Chief Probation Officers of California

Justice Institute of British Columbia- STABLE-2007/ACUTE-2007 online course


National Criminal Justice Association
Free sex offender management webinar series

Global Institute of Forensic Research

Additional Trainings

Juveniles who Sexually Offend: Characteristics, Assessments, Management and Treatment  
Date: Monday, March 27, 2017  
Time: 10:00 AM - 12:00 PM  
Location: Juvenile Justice Center
2500 Fairmont Drive, San Leandro, CA
Room: # C1002, located on the FIRST FLOOR (basement)
For directions or information about the location, contact Parker Chin at:  510-667-7717 or email: .  For directions the day of presentation call: 510-667-3000
Webinar Info:

Dial-In Number: (712) 770-4700
Access Code: 607287

Cost: Free  
Description: The purpose of this presentation is to highlight the work of ATSA’s prevention committee, the growing body of research in prevention, and the programs exploring ATSA’s unique role in the growing prevention field.  We hope that this overview will offer insights into new ways to greatly expand sexual abuse prevention efforts. 

Over the last 40 years, society has begun to fully recognize the extent of sexual violence in America.  In these last few decades, research has documented the lifelong impact of sexual abuse, state and federal legislators have enacted policies and funded programs to both protect victims and hold offenders accountable for their crimes, and the media has begun to portray the trauma of sexual violence in the news, movies, and on television.  Yet as awareness of sexual abuse and those who abuse has grown, there has been little focus on - and even less funding for - how to prevent the first time perpetration of sexual violence.  The focus on preventing the perpetration of sexual violence and especially the first time perpetration is the unique domain of ATSA and many of ATSA’s members. 

In recent years, there has been a growing movement toward a more comprehensive understanding and systematic response to sexual violence, including the importance of prevention efforts.  Indeed, sex offender management professionals, victim advocates, researchers, and the public increasingly seek a deeper understanding of the factors that contribute to the initiation of sexually abusive behaviors, how to identify which individuals are at risk for first time sexual offense or sexual reoffending, and how to effectively intervene, especially before abuse and harm occur.  In a 2010 survey, the Center for Sex Offender Management found that “The vast majority of [the public] (83%) expressed a desire for more information than they currently have regarding how to prevent sex offending in their communities.” (Bumby,, 2010, p. 5).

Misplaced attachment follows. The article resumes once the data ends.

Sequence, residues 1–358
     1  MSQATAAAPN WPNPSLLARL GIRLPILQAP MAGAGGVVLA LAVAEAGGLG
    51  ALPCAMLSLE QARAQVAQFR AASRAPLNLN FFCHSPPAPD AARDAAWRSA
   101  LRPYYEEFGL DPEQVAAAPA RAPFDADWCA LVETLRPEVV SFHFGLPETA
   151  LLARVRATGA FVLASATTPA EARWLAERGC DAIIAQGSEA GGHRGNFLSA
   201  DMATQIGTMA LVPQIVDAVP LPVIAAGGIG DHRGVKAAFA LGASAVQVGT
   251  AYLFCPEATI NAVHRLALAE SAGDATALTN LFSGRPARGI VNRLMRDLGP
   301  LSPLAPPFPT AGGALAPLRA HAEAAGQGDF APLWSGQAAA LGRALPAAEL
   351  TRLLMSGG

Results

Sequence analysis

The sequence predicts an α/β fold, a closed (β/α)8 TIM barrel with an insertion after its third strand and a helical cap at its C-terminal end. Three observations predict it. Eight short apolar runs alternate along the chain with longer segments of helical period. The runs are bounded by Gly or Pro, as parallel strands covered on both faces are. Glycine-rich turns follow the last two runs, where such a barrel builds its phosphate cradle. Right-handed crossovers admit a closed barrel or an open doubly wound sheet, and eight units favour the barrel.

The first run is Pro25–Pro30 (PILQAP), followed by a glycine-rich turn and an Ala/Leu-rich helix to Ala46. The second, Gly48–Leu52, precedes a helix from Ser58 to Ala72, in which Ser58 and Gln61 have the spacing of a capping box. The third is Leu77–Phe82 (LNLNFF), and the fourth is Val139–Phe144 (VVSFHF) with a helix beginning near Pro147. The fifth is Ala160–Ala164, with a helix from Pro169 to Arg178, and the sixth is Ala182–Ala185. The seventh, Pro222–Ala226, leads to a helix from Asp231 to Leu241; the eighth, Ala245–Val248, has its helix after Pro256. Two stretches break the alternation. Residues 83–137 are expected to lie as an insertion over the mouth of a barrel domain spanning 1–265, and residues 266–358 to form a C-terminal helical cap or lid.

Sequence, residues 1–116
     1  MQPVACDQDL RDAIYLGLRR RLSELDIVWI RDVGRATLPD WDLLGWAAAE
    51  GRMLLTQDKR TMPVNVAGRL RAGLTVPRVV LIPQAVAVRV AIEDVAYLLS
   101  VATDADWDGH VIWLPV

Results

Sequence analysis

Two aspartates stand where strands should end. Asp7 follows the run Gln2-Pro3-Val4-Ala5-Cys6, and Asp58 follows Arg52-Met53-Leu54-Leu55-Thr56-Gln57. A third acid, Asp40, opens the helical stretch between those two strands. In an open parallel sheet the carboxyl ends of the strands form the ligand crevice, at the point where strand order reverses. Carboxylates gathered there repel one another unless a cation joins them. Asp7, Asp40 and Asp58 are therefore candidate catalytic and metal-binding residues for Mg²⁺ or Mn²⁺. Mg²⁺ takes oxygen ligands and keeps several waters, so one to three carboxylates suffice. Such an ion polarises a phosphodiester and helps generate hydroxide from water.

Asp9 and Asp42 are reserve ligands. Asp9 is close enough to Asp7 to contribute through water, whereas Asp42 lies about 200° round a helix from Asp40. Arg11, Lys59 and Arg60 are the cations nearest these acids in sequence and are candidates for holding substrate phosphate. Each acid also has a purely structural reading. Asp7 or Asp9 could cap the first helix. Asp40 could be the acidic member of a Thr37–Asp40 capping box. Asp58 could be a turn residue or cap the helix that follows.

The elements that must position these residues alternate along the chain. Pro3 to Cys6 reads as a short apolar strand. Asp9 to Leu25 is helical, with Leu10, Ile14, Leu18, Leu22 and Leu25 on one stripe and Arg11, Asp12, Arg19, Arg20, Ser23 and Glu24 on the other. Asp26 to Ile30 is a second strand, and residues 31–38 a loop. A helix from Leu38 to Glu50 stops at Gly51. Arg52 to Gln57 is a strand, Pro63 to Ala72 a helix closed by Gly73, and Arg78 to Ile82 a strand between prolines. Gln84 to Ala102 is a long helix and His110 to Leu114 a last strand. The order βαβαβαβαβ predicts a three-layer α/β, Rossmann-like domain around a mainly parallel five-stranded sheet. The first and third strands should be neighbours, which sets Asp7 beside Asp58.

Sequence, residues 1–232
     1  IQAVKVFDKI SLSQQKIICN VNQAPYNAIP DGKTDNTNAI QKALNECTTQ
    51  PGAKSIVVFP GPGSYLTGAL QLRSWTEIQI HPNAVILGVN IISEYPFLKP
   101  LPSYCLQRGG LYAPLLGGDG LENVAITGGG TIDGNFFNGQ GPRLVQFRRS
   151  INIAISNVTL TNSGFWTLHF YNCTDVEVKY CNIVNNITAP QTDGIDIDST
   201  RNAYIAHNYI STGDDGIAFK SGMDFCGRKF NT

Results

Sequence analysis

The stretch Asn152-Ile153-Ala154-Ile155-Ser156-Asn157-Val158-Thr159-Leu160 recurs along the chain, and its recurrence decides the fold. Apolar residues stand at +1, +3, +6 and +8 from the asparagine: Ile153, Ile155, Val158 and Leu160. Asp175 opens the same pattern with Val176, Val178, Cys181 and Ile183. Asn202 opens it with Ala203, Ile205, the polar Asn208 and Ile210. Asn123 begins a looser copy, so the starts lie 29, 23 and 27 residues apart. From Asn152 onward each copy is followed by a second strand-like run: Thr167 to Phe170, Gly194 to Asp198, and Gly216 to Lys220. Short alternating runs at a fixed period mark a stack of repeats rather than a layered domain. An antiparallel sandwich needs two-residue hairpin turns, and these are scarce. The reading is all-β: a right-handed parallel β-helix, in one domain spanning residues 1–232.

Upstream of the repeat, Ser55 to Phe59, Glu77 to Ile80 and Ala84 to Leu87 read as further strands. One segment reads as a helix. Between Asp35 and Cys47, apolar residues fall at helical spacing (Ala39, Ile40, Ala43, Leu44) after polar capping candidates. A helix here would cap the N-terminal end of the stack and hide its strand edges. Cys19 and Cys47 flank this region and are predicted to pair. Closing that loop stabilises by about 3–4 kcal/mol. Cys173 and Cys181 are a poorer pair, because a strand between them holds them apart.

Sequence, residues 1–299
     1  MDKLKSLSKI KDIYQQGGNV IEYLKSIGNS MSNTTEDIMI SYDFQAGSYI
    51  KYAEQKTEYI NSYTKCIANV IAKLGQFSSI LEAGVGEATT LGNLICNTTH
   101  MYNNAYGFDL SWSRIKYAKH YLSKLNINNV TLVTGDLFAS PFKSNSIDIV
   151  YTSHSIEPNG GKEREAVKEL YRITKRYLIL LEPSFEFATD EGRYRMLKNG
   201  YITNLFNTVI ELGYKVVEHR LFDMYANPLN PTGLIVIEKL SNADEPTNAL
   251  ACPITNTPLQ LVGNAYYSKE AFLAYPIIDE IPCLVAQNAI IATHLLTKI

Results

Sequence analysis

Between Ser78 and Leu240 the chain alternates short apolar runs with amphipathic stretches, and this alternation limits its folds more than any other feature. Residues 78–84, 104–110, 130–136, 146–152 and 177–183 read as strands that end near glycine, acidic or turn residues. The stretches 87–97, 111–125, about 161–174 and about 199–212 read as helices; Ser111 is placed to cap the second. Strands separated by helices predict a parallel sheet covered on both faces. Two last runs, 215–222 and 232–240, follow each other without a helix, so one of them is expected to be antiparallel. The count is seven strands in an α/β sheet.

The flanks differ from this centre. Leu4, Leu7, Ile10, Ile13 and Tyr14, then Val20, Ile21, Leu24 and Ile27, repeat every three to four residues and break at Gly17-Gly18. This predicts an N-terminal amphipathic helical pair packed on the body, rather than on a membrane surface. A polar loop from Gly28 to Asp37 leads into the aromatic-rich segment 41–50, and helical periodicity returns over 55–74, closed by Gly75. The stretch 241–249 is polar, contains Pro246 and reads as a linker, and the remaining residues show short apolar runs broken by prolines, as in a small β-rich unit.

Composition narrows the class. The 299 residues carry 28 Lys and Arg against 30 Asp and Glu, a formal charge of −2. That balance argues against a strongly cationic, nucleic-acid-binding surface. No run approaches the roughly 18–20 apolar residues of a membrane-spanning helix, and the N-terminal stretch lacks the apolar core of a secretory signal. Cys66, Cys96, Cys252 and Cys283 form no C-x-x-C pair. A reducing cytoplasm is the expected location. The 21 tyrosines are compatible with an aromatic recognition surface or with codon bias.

With the growing body of research in sexual violence and sex offending behavior, it is now possible to consider prevention programs from a public health point of view, seen through the lens of preventing the perpetration of sexual abuse.  According to the CDC, public health interventions are viewed through three prevention categories based on when the intervention occurs:  Primary Prevention, Secondary Prevention, and Tertiary Prevention (Centers for Disease Control and Prevention, 2004).  A second helpful public health approach, the social-ecological model (Krug, Dahlberg, Mercy, Zwi, & Lozano, 2002), describes programs and policies directed at four levels of intervention:  Individuals, Relationships, Communities, and Society.  Blending these two public health frameworks together – (a) prevention strategies that target behaviors at the primary, secondary and tertiary levels, both before and after they are perpetrated with (b) an intervention approach that targets all four levels of the social ecological model –  results in the creation of a comprehensive effort to prevent the perpetration of sexual violence.  Although there are many different approaches at each level, the workshop will discuss the resulting prevention matrix and explore ATSA’s role within each aspect of this matrix.  Most of the perpetration prevention initiatives aimed at preventing further sexually abusive behavior, applied after the harm is done, will be more familiar to those working with sex offenders.  However, initiatives applied before sexual abuse is perpetrated are those now being considered because their goal is to address and build the skills, knowledge, and policies that will help ensure that adults, teens and children do not become sexually abusive.  Experiential activities will be used to introduce innovative prevention efforts and explore how participants may get more involved in the growing need for expertise around perpetration prevention.
CEUs: For CE Credit through live webinar, you must be present for the entire presentation, make sure the moderator knows you are attending, and complete an evaluation at the end of the presentation.  For evaluation, please email A certificate will be emailed to you within 48 hours of receipt of the completed evaluation.